Some simple highlights for us during the week…
We enjoyed the informal display of Marco’s work. He produces character with a gentle style, with which to enhance any children’s story, we felt. Engaging, friendly but equally up to the illustration of a more challenging narrative.
Based in Desenzano del Gardo, Italy – you can find Marco Bonatti’s work on the web here.
Katie both studies and lectures in the Arts at Bournemouth University. She also runs Seablue Designs, a wonderfully evocative title for her business, which encompasses oceanic themes and a subtle and diverse range of blue in her work.
Katie’s palette, even informally displayed, is striking when seen from a distance, which is what caught our eye, but is equally as powerful on the page when feeding a child’s imagination.
See Katie’s work on the web here.
Another graduate of Bournemouth University Arts faculty, Natasha produces images of plants and animals that are bold in structure and colour, but which are always seemingly ‘anatomically’ sound and proportionally framed.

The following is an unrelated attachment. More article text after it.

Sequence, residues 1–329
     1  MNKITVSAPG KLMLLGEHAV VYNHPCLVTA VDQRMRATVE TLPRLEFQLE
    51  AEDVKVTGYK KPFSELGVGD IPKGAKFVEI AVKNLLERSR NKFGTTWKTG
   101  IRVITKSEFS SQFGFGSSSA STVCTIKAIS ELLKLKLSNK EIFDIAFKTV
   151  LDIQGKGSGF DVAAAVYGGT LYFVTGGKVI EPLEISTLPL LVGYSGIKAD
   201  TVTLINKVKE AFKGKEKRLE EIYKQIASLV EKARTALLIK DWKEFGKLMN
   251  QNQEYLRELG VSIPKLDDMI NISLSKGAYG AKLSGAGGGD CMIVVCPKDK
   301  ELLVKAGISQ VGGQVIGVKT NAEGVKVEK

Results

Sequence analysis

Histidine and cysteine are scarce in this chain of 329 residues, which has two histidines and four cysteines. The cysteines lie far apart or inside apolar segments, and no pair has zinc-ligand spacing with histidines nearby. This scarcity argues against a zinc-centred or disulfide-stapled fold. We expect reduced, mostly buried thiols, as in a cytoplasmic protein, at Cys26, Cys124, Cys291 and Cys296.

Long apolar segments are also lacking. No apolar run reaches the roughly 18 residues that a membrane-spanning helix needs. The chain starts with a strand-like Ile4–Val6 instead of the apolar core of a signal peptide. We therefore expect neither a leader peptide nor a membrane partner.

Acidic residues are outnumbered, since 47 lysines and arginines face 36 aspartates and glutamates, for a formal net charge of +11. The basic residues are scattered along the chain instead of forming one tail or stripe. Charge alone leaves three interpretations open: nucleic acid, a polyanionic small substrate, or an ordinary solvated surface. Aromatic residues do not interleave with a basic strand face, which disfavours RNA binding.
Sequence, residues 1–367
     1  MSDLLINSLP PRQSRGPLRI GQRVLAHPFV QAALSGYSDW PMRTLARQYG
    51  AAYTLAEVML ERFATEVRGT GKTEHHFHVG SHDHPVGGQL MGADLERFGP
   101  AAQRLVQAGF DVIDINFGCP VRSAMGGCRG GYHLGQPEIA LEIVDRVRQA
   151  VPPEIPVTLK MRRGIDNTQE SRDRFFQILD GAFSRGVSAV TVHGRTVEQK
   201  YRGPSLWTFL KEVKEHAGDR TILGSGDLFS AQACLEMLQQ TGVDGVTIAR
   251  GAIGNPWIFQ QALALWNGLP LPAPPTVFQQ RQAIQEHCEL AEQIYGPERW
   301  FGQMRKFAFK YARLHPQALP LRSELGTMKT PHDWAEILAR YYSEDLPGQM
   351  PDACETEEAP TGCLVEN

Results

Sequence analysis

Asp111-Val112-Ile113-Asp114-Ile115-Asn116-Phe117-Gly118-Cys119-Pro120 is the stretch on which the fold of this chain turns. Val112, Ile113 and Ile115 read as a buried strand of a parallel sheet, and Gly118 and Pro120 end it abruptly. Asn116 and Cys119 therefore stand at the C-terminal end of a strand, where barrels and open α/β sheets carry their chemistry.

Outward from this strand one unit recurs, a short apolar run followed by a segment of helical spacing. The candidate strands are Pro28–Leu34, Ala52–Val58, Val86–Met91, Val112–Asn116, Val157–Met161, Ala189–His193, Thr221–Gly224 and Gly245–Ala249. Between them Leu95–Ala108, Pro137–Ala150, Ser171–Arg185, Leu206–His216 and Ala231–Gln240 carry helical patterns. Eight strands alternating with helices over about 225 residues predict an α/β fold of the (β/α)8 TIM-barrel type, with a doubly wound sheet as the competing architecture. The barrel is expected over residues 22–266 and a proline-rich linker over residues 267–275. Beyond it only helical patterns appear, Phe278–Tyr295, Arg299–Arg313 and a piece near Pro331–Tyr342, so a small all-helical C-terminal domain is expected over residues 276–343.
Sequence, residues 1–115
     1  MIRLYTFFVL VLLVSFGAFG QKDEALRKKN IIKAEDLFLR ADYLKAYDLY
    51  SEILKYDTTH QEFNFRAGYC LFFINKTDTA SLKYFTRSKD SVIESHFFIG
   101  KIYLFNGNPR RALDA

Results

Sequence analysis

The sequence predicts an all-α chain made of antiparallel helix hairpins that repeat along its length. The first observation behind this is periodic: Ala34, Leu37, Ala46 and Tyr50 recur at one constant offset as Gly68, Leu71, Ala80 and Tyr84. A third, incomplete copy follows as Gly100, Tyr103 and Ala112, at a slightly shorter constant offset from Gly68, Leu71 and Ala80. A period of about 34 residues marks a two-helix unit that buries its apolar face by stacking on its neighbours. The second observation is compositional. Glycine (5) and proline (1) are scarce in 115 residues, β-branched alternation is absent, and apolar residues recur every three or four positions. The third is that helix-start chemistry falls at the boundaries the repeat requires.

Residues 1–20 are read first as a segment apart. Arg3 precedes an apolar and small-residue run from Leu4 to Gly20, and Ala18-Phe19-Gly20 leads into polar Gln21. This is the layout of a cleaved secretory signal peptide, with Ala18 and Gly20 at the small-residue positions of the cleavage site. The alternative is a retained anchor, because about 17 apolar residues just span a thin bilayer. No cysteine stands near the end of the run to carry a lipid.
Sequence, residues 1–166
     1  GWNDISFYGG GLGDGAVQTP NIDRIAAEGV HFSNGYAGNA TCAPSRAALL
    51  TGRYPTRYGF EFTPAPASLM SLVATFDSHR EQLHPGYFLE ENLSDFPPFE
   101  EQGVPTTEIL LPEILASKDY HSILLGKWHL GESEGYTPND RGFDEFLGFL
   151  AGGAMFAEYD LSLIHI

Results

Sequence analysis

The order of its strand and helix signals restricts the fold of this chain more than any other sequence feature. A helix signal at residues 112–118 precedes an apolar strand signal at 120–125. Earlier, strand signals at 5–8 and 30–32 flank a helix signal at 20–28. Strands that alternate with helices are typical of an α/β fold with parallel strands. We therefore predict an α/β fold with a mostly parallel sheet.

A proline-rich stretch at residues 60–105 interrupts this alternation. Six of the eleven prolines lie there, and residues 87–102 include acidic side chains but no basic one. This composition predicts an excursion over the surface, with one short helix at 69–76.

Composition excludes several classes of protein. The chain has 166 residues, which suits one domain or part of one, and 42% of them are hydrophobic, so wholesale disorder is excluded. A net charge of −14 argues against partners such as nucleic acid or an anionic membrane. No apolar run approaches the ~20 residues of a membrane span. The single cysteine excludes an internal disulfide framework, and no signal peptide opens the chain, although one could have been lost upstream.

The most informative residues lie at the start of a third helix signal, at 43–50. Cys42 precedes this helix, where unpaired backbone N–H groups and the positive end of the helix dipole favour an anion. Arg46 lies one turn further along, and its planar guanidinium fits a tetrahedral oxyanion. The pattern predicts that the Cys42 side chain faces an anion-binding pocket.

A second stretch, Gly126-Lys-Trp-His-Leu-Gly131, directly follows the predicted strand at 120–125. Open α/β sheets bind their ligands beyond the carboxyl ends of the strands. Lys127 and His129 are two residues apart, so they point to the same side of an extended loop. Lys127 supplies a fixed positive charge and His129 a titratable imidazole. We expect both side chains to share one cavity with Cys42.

We liked her structured pattern work particularly, standing out as it did from many of her contemporaries on display in Bologna.
You can find Natasha’s award winning work on the web here.
An artist and animation specialist, resident in Bologna, Alessandra has exhibited her work across not only Italy, but also Europe and the USA.
Her pen work was superb we thought, creating striking black and white images for her clients.
Alessandra has an ability to portray character through her artistry, but holds her style very much in the traditional fairytale mannerism, to which she expresses an enduring fascination.
You can see Alessandra’s work on the web here.
(All artist featured images captured from the Bologna Children's Fair ad-hoc display boards in 2017. Copyright remains entirely with the individual artist).
It was the artistry and illustrative energy that was the touchstone experience for us in Bologna this year. Although we were able to build a number of new partnerships and projects for 2017/2018, it is the imprint of ‘the image’ that will stay with us, particularly the energy of the work typical of the artists we have championed above.
Historical linearity in illustration: